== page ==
HomeInsightsGeneral Court sets out test for establishing disclosure or otherwise of earlier design

Article by

Facts

Fabryki Mebli “Forte” SA was the owner of the following Registered Community Design in relation to “furniture”, registered on 17 September 2013 (the RCD):

In March 2016, Bog-Fran sp zoo sp k applied for a declaration of invalidity of the RCD on the grounds that the RCD was not new and that it lacked individual character under Article 4, read in conjunction with Articles 5 and 6 of the Community Designs Regulations (6/2002/EC). In support of its application, Bog-Fran submitted the following evidence:

  1. an extract from a catalogue entitled “NABYTKU – Novinka 2008 – WHITE” containing the following representations of a wardrobe called “skrin 2D WH9” to which the earlier design had been applied:

2. an invoice, in Czech, dated 14 August 2008 relating to the printing of 25,000 copies of the catalogue; and

3. three invoices, dated 14 August, 4 November and 28 November 2008 respectively, relating to sales of furniture to A JE TO CZ, s.r.o., with confirmation of             the receipt of the goods referred to.

The Invalidity Division of EUIPO upheld Bog-Fran’s application, finding that the RCD did not have individual character under Article 6 of the 2002 Regulation and was therefore invalid. Fabryki Mebli appealed, and the Third Board of Appeal upheld the appeal, annulling the Invalidity Division’s decision on the ground that the earlier design had not been made available to the public in accordance with Article 7(1) of the 2002 Regulation (and so could not be raised against the RCD).

Bog-Fran appealed to the General Court, which found (in an unpublished judgment Case T-159/19) that the BoA had wrongly found that Bog-Fran had not established disclosure of the earlier design in accordance with Article 7(1). The GC said that the evidence adduced did indeed constitute disclosure and that it was for the BoA, in view of that evidence, to presume disclosure before considering, if applicable, Fabryki Mebli’s arguments alleging lack of knowledge in the circles specialised in the sector concerned of the events constituting disclosure. The case was remitted to the BoA.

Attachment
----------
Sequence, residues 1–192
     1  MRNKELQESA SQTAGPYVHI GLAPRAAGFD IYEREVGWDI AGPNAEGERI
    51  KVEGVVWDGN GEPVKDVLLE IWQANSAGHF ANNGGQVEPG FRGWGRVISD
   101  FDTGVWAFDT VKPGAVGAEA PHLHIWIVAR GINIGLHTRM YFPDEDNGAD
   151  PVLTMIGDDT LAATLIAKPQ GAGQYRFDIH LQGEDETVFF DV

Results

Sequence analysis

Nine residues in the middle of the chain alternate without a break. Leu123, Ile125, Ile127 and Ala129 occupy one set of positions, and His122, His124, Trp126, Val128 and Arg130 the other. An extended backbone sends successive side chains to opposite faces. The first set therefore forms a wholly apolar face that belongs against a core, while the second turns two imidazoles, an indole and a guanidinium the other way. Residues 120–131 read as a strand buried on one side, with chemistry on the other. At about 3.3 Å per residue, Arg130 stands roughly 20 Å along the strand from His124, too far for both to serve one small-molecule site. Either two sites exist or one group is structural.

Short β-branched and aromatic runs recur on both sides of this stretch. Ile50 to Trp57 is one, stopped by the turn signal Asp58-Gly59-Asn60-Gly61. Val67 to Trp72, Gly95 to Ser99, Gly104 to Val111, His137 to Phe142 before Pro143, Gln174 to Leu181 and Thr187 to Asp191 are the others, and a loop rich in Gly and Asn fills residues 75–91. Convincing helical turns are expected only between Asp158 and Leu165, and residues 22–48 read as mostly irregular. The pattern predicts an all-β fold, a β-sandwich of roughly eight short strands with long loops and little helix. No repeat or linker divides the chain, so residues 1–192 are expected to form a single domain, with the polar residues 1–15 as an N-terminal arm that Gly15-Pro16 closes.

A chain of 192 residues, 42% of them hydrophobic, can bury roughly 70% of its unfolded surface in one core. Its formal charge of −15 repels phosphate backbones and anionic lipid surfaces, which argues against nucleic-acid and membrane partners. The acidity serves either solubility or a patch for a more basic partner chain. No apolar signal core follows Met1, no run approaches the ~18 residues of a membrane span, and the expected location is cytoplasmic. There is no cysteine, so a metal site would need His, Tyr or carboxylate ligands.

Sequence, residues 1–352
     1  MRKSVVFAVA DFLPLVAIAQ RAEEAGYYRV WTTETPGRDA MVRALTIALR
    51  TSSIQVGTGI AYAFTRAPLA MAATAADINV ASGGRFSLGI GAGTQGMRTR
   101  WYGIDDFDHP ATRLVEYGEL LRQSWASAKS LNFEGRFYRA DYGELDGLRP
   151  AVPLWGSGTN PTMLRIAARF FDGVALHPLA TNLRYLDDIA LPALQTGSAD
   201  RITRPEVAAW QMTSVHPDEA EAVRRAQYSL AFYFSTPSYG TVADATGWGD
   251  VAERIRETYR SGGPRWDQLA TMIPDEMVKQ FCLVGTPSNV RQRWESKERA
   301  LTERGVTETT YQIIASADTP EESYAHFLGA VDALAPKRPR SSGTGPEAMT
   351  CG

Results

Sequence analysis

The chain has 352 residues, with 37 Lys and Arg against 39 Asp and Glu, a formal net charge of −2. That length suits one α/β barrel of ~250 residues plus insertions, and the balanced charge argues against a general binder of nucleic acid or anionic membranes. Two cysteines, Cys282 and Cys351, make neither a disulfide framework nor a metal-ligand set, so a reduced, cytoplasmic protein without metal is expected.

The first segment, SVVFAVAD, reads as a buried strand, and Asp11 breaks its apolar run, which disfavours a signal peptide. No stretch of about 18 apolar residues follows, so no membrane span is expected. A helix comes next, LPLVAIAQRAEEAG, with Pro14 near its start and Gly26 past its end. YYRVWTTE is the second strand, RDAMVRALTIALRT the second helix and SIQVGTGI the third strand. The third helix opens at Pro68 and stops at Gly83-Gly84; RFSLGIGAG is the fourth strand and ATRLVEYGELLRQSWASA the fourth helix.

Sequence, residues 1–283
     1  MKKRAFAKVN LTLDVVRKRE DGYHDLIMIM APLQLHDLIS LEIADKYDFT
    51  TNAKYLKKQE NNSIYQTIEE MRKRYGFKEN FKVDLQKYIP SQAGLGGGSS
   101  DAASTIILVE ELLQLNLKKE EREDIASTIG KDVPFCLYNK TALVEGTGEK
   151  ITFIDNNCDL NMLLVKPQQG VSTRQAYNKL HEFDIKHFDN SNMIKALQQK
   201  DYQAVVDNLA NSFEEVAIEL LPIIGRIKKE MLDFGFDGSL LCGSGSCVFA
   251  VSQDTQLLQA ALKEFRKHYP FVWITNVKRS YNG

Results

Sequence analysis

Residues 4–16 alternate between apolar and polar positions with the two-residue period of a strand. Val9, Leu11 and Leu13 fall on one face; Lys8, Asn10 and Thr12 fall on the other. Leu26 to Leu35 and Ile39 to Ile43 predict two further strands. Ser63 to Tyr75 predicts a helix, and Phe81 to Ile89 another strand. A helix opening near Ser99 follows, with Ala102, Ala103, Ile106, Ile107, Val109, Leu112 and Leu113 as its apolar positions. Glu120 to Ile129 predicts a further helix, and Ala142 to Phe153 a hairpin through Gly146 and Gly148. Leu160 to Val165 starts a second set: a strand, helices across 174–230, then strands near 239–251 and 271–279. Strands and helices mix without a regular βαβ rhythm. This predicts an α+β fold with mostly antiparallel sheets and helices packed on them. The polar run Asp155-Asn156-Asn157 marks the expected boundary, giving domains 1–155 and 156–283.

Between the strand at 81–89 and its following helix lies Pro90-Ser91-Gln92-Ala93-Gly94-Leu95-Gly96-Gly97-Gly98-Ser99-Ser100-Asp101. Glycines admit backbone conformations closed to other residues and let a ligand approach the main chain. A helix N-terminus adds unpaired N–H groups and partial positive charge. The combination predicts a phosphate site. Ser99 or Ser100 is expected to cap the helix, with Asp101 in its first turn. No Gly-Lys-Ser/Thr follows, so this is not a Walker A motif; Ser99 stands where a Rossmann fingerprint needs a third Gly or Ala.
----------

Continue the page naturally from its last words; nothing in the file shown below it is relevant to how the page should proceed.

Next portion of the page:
This time the BoA dismissed Fabryki Mebli’s appeal against the original Invalidity Division’s decision, finding that Fabryki Mebli had not established that disclosure could not reasonably have become known to the circles specialised in the sector, and concluding that the earlier design had been made available to the public (and so could be raised against the RCD). The BoA  found that the RCD did not have individual character. The designs were for wardrobes, the designer’s freedom was not limited and the informed user would, as a result of his or her interest in furniture, have a relatively high degree of attention. After considering the similarities and differences between the designs, the BoA found that there were only minor differences between them which were not sufficient to produce a different overall impression on the informed user.

Fabryki Mebli appealed to the GC, alleging that the BoA had been wrong to find that the earlier design had been disclosed in accordance with Article 7(1), had incorrectly divided the burden of proving knowledge of that disclosure by the specialist circles in the sector concerned, and  had been wrong to find that the RCD lacked individual character.

Decision

Disclosure of earlier design

Fabryki Mebli disputed the veracity and reliability of the evidence of disclosure produced by Bog-Fran.

In response, Bog-Fran submitted that Fabryki Mebli’s argument was inadmissible as the GC had already ruled on the probative value of the disclosure evidence, meaning that the matter was res judicata.